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Its entirely possible that no one in Delaware history has done more to inspire others to careers in public service and to civic engagement than Jim Soles, the states governor told an audience at the University of Delaware on Tuesday, Oct. 14.
Gov. Jack Markell spoke at the Roselle Center for the Arts on UDs Newark campus, delivering the fourth annual James R. Soles Lecture on the Constitution and Citizenship to an audience that included numerous colleagues and students of the late professor. Soles, who died in 2010, was a faculty member in the Department of Political Science and International Relations for more than 34 years.
Jim Soles possessed an extraordinary passion for our democracy, Markell said. He recognized a few of the distinguished members of the audience including former Court of Chancery Chancellor William B. Chandler III and the District of Delawares Chief U.S. District Court Judge Leonard P. Stark, both UD alumni as among the many disciples whose lives were shaped by Soles influence.
Markell recalled his own first meeting with Soles 40 years ago when the professor was waging an unsuccessful campaign to unseat Pete du Pont as Delawares U.S. congressman. Markells parents hosted a get-together for the candidate at their home in the Windy Hills neighborhood near Newark, he said, and Soles deeply impressed him with his enthusiasm for government service and the process of running for office.
His lifes work is, I believe, a model for strengthening the democracy that our Constitution created, Markell said.
Today, he said, the United States faces challenges in maintaining a society where citizens want to participate in democracy, through government service, volunteering, working for community groups and exercising their right to vote. To encourage that civic engagement, Markell cited the areas of education and civil rights as continuing challenges.
Children, from preschool through college, need and deserve quality education, not just to get good jobs but also to participate fully in democracy, Markell said.
He also noted that, while great progress has been made in civil rights, more work must be done to strive for full equality in such areas as the wage gap between men and women, the high unemployment among people with disabilities and recent moves in some states to place more regulations on voting.
Young people still want to serve their communities, Markell said, but the partisanship and gridlock in national politics have discouraged many from considering government service. Still, he cited other times, including the Vietnam War era and the Watergate scandal, when people also had a poor opinion of government.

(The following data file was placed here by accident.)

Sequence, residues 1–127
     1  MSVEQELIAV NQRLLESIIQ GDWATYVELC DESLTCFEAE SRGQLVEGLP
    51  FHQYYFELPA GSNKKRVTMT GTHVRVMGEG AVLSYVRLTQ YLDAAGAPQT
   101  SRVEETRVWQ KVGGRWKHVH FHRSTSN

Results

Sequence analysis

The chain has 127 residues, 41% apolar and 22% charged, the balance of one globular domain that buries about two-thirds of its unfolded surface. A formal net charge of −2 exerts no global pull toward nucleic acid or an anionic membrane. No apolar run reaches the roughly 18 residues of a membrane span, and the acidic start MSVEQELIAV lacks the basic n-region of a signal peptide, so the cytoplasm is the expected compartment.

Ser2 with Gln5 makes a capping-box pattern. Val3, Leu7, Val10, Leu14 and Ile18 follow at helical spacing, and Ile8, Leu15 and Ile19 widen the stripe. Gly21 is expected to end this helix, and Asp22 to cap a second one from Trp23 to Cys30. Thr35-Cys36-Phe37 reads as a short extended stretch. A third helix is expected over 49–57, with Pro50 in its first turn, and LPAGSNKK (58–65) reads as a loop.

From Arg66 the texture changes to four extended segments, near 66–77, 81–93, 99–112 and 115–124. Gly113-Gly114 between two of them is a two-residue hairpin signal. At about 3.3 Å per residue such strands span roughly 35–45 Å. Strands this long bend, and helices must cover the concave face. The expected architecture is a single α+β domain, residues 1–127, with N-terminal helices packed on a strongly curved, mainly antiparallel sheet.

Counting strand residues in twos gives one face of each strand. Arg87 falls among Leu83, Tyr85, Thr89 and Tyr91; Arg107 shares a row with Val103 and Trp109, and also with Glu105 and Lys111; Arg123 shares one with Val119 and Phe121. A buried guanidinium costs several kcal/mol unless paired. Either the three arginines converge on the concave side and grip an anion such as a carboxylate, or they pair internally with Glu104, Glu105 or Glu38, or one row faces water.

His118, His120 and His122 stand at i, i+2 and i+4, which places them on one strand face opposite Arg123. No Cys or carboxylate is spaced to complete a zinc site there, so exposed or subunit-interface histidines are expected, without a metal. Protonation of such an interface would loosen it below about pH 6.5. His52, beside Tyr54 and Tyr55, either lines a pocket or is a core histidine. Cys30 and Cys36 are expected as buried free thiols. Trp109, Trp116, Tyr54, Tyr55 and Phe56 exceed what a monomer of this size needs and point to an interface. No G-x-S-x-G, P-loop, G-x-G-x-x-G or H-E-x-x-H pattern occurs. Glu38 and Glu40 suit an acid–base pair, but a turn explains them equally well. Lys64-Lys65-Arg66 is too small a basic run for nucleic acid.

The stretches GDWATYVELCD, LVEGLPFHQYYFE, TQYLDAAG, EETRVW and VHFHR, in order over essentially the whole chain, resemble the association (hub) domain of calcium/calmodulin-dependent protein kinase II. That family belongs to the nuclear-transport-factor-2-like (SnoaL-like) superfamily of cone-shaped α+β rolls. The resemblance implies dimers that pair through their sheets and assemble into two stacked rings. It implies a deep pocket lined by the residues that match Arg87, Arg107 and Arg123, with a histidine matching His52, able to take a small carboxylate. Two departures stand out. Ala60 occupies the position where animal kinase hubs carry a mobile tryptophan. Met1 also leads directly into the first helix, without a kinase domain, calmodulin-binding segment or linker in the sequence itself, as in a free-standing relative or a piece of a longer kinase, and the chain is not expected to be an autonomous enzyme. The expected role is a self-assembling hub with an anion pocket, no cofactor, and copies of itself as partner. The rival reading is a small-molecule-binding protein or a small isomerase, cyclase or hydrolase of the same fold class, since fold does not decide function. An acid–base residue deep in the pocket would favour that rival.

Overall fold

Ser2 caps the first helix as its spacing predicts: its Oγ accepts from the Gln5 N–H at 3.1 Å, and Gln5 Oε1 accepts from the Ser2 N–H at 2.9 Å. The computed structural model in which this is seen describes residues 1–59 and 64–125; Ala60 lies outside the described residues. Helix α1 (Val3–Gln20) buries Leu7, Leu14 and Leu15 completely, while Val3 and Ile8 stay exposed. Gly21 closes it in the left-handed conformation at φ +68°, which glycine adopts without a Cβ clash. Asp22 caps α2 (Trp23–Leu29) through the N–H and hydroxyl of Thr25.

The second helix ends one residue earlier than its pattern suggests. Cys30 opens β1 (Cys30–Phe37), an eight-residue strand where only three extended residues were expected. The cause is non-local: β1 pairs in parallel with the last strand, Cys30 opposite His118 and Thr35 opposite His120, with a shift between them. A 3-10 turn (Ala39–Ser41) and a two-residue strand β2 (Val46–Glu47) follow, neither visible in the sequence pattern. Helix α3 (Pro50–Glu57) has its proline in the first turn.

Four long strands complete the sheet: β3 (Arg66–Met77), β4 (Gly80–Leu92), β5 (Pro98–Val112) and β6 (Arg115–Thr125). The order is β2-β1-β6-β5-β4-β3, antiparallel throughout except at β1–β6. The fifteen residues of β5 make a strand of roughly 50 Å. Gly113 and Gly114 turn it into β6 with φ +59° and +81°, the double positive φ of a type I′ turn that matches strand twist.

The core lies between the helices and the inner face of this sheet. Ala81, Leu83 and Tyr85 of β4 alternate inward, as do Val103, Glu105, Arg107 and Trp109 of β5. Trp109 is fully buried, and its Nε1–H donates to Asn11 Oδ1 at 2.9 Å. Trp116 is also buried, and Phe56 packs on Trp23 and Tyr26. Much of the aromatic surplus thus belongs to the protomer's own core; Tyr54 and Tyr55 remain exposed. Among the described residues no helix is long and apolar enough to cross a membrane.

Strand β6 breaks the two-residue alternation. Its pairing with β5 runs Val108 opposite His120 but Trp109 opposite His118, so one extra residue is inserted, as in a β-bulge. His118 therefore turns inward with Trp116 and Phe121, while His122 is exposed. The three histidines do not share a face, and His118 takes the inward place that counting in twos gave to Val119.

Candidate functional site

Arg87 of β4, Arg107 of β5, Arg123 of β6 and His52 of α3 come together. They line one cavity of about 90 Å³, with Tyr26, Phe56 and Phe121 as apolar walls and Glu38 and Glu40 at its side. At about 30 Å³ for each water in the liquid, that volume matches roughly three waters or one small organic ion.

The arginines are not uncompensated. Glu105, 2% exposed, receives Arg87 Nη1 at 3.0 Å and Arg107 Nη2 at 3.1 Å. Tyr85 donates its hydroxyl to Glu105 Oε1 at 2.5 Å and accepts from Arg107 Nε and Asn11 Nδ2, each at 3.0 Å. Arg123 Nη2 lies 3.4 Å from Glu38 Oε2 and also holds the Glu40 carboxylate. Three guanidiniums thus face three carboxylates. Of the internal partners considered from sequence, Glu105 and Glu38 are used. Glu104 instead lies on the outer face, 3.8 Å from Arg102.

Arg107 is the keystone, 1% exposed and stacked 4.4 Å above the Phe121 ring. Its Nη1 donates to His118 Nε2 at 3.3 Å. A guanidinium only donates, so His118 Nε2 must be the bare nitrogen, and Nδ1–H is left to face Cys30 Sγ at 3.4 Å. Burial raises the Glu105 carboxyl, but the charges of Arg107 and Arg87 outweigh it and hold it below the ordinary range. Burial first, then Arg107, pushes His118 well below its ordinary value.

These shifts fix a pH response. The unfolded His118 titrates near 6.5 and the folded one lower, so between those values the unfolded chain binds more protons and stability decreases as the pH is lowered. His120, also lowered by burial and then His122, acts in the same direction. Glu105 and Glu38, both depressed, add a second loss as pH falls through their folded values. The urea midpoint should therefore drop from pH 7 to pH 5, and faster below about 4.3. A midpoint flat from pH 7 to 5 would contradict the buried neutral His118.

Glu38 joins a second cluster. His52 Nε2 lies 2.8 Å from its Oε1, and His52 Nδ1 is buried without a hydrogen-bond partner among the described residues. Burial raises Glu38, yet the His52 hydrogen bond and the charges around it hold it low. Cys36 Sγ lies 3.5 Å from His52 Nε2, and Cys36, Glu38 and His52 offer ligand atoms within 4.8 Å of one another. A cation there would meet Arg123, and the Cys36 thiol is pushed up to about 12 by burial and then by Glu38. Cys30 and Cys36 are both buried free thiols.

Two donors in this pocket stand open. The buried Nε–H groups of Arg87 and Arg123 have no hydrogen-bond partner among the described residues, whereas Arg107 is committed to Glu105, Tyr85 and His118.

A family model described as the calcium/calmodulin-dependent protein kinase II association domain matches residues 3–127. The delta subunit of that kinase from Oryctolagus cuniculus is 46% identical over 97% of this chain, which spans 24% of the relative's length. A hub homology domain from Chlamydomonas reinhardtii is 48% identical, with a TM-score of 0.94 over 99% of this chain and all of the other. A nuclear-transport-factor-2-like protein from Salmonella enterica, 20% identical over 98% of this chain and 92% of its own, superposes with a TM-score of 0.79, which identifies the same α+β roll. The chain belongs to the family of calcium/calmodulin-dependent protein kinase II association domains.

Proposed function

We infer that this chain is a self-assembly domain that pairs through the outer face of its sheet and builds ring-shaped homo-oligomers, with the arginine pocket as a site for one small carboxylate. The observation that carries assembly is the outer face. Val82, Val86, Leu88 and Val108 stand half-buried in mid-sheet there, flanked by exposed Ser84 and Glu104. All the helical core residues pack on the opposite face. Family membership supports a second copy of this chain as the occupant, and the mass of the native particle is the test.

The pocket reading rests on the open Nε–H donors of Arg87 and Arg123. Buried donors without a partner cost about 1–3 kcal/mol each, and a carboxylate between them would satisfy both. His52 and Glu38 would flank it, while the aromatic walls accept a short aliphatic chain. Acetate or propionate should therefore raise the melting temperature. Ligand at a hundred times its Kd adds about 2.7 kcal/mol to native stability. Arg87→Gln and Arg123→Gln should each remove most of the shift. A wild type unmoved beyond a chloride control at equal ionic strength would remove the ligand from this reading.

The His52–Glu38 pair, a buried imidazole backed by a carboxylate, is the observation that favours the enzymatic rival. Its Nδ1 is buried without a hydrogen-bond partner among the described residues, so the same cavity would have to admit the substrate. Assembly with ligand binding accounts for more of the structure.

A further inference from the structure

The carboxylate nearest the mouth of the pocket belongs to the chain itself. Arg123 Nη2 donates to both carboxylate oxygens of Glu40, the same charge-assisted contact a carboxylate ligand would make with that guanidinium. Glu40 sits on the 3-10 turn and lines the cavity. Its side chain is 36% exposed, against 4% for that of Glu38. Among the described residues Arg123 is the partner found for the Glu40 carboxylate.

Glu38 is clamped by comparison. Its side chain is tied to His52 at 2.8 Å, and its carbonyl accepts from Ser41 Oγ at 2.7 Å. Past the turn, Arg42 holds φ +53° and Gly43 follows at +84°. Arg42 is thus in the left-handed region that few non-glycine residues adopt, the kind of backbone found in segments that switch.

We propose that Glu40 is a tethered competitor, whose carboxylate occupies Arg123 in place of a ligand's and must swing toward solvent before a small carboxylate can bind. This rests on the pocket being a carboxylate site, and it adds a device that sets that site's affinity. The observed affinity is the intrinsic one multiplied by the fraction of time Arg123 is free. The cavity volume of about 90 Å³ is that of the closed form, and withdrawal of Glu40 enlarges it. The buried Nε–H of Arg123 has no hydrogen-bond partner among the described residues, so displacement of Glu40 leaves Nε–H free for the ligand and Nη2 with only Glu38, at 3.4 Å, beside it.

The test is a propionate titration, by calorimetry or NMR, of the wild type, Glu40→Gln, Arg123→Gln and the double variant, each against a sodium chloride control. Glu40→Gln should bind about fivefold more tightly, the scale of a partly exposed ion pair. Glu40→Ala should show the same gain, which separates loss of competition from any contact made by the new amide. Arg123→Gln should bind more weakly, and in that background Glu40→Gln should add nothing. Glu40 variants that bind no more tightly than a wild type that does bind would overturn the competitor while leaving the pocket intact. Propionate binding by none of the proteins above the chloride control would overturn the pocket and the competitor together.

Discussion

I have no doubt that the publics mindset can change, he said. But Its going to take all of us to foster the kind of engaged citizens people who want to become part of something bigger than themselves that Jim Soles inspired.
About the James R. Soles Citizenship Endowment
Dr. Soles received the Universitys Excellence in Teaching Award twice and its Excellence in Advising Award, as well as the Universitys Medal of Distinction. He received many honors and recognitions in his distinguished career, but he is still best remembered for his personal dedication to teaching and to his students.
The Soles endowment was established 15 years ago and supports a named professorship, currently held by Joe Pika, and undergraduate citizenship stipends and graduate fellowships. The first stipends were awarded 10 years ago and have since supported nearly 70 undergraduates in summer public service projects in the U.S. and abroad.
To see more about recent recipients and the work they have done, visit this website.
The annual lecture that honors Soles also commemorates the signing of the U.S. Constitution in Philadelphia on Sept. 17, 1787. The lecture is generally held on that anniversary date, but scheduling considerations postponed it this year.
U.S. Vice President Joseph Biden, a UD alumnus, delivered the inaugural Soles Lecture in 2011. Other speakers have been U.S. Sen. Tom Carper and U.S. Sen. Chris Coons.
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